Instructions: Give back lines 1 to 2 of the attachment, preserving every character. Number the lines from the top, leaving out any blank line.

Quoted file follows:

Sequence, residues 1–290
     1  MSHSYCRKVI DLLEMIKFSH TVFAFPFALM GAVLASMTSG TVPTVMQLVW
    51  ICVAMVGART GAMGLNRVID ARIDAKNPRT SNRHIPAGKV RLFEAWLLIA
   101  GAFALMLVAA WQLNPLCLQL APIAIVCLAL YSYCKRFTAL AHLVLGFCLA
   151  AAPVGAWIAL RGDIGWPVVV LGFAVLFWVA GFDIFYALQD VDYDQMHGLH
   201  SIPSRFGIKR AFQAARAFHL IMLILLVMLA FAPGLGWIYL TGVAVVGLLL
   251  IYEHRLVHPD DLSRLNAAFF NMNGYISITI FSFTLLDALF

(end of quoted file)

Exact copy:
Sequence, residues 1–290
     1  MSHSYCRKVI DLLEMIKFSH TVFAFPFALM GAVLASMTSG TVPTVMQLVW